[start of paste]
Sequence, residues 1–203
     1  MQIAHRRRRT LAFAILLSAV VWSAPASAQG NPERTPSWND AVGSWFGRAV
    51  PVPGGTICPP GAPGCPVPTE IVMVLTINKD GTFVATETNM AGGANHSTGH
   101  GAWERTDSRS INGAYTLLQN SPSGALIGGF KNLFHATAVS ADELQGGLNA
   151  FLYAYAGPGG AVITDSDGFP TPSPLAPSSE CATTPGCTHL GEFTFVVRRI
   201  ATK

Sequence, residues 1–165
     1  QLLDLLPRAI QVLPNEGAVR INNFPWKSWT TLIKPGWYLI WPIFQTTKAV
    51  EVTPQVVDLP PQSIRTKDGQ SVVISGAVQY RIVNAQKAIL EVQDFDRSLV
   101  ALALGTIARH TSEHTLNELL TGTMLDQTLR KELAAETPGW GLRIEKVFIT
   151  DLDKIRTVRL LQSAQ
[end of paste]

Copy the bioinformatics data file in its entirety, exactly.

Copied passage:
Sequence, residues 1–203
     1  MQIAHRRRRT LAFAILLSAV VWSAPASAQG NPERTPSWND AVGSWFGRAV
    51  PVPGGTICPP GAPGCPVPTE IVMVLTINKD GTFVATETNM AGGANHSTGH
   101  GAWERTDSRS INGAYTLLQN SPSGALIGGF KNLFHATAVS ADELQGGLNA
   151  FLYAYAGPGG AVITDSDGFP TPSPLAPSSE CATTPGCTHL GEFTFVVRRI
   201  ATK

Sequence, residues 1–165
     1  QLLDLLPRAI QVLPNEGAVR INNFPWKSWT TLIKPGWYLI WPIFQTTKAV
    51  EVTPQVVDLP PQSIRTKDGQ SVVISGAVQY RIVNAQKAIL EVQDFDRSLV
   101  ALALGTIARH TSEHTLNELL TGTMLDQTLR KELAAETPGW GLRIEKVFIT
   151  DLDKIRTVRL LQSAQ